Škoda’s flagship model has matured into one of the most desirable cars in the upper-medium sector.
The first generation in the current Superb line (the badge has appeared on Škodas in the distant past), was perhaps an oddity. Technically similar to the Volkswagen Passat, its long wheelbase liberating space not found anywhere else in the class, it seemed to be favoured by savvy private buyers as well as minicab firms.
The second generation Superb was more sophisticated, a car that could comfortably compete with the Ford Mondeo and Vauxhall Insignia on ability, value and image. And, of course, it had them beaten for space and comfort.
The third generation model is tasked with competing in a sector where mediocrity no longer exists and falling sales have rooted out those less desirable models.
Like the latest Volkswagen Passat and the Škoda Octavia, the Superb uses component sets from Volkswagen Group’s MQB platform and, as a result, despite the car growing slightly, it weighs in at up to 75kg lighter than its predecessor. Some of that weight saving must be in changing the previous dual-purpose tailgate/boot for a more conventional hatch-only mechanism, although Škoda’s designers have managed to retain the elegance of a saloon in the styling.
Although the new model is only 28mm longer than its predecessor, the wheelbase has increased by 80mm, making an even more spacious cabin. Rear-seat leg-room is unchanged but there is more headroom and shoulder room thanks to the increased dimensions. The boot will also swallow more luggage than before.
The new, cleaner look emphasises the Superb’s extra width and helps give it greater presence on the road.
The Superb benefits from new engine technology. Most fleets will be keen on diesel versions, and a new 1.6-litre offers 120hp with CO2 emissions from 105g/km. A Greenline version will follow offering 95g/km. There is a choice of 150hp and 190hp 2.0-litre diesel variants, with front-wheel drive manual models achieving less than 110g/km.
Interestingly, all of the 1.4-litre TSI petrol models have CO2 emissions below 130g/km, while the 150hp version has ACT cylinder deactivation, producing CO2 of 115g/km for the manual and 117g/km for the DSG automatic. It saves fuel by running on only two cylinders when coasting.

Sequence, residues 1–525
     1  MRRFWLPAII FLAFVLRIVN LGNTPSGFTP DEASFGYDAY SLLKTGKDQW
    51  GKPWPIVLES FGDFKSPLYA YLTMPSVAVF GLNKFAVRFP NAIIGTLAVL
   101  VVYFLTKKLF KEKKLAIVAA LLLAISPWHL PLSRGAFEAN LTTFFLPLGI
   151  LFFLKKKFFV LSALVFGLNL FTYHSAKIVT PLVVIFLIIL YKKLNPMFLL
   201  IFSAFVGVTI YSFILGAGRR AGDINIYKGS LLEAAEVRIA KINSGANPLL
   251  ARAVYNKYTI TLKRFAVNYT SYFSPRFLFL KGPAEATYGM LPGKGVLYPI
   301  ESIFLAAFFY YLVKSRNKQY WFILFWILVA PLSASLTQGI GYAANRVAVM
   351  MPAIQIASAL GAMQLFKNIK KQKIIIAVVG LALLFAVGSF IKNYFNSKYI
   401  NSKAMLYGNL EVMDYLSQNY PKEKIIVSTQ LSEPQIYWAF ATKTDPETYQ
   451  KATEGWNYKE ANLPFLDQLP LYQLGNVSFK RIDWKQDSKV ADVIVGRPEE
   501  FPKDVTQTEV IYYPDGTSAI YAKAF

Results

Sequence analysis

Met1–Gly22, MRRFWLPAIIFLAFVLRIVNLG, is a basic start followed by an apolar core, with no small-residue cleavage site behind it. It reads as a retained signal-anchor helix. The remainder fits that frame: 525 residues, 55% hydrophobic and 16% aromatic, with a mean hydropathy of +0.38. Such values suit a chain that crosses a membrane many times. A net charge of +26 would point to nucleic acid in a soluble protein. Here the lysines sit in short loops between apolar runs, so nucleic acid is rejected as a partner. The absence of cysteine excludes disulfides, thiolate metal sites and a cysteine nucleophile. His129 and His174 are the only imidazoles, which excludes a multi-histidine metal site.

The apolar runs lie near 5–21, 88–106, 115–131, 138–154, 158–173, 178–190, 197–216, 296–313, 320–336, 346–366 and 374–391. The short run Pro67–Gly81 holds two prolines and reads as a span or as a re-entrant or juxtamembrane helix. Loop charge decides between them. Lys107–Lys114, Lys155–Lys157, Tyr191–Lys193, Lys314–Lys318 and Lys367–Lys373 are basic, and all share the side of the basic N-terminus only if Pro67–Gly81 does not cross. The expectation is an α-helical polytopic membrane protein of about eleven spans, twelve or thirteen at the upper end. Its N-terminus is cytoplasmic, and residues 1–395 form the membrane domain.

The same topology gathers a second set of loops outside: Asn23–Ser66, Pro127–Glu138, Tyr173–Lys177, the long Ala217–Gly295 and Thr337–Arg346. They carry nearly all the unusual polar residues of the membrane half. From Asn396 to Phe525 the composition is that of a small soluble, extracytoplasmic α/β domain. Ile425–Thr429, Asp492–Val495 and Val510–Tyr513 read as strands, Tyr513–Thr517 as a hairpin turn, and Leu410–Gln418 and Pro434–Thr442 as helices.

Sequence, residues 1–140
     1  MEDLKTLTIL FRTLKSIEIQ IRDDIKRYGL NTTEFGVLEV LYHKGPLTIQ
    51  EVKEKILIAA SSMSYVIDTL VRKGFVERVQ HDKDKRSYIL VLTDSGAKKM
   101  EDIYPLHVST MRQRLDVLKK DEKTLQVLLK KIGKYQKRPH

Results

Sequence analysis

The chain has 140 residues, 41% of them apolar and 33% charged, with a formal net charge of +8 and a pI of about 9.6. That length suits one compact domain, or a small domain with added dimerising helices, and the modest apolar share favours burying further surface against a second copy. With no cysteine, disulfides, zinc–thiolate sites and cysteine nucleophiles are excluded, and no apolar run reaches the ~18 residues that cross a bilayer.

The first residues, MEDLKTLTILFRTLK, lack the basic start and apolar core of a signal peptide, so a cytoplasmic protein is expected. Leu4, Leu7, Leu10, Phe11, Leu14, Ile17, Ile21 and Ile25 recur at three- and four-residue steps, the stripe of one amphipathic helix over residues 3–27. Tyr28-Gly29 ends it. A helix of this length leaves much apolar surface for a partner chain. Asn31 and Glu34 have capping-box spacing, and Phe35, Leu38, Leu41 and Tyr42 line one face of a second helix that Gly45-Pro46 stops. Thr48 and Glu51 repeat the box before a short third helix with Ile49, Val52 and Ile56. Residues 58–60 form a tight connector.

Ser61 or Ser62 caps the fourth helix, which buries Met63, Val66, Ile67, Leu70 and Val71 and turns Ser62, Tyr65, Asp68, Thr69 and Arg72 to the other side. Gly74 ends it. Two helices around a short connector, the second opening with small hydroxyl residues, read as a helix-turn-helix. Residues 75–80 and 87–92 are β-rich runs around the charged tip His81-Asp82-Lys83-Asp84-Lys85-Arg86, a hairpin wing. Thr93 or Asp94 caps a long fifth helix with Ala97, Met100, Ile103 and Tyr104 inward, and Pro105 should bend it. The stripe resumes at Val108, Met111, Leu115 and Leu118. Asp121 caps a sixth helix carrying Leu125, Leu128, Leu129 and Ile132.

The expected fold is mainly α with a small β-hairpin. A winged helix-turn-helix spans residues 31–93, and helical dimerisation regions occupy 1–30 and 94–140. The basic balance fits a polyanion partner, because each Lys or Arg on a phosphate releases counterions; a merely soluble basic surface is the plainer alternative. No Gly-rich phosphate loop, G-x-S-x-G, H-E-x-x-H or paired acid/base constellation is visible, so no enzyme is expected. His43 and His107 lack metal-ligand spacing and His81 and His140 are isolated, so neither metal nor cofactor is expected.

We drove the 150hp 2.0-litre diesel with the six-speed manual transmission, plus some other variants for comparison. For example, the 150hp diesel felt just as quick as the 190hp model fitted with four-wheel drive and DSG gearbox.
The Superb offers impressive comfort and the experience feels worthy of a car with a premium badge on the bonnet. The interior feels more crafted than mass produced and, although our test cars were medium and top equipment grades, the fit and finish has a true high-end quality. Engine refinement is also as good as anything else in the class and, apart from a little road noise intrusion, the cabin is a exceptionally quiet.
The steering is precise, but there is a rather artificial feel to it. Most drivers probably won’t notice though.
The ride quality has a slightly firm bias, although most drivers will accept this as the trade-off for sharper responses. Those able to splash out on the optional dynamic chassis control can select a comfort mode for the dampers, creating a more supple feel over bumps.
There are five equipment grades at launch: S, SE, SE Business, SE L Executive and Laurin & Klement, and all models feature alloy wheels, air conditioning, LED rear lights, Bluetooth and digital radio as standard. SE adds larger 17-inch alloy wheels, dual-zone air conditioning, rear parking sensors, a larger touch-screen interface and SmartLink. Choose the (diesel-only) SE Business for standard sat-nav, Alcantara trim, front parking sensors, drive mode selection (eco, normal and sport) and electric parking brake. From 2017 this variant will also come with ‘phone box’ featuring wireless charging.
SE L Executive has 18-inch alloy wheels, bi-xenon headlamps, heated front seats, sat-nav and upgraded touchscreen. The range-topping Laurin & Klement has a premium audio system, heated windscreen, tri-zone climate control, blindspot warning, lane assist, park assist, TV and dynamic chassis control. All models are available to order now, with deliveries from September.
The Superb stands out as a great choice for Passat-style quality, with arguably more attractive styling, more space and equipment. A great choice for fleets and sure contender for best in class.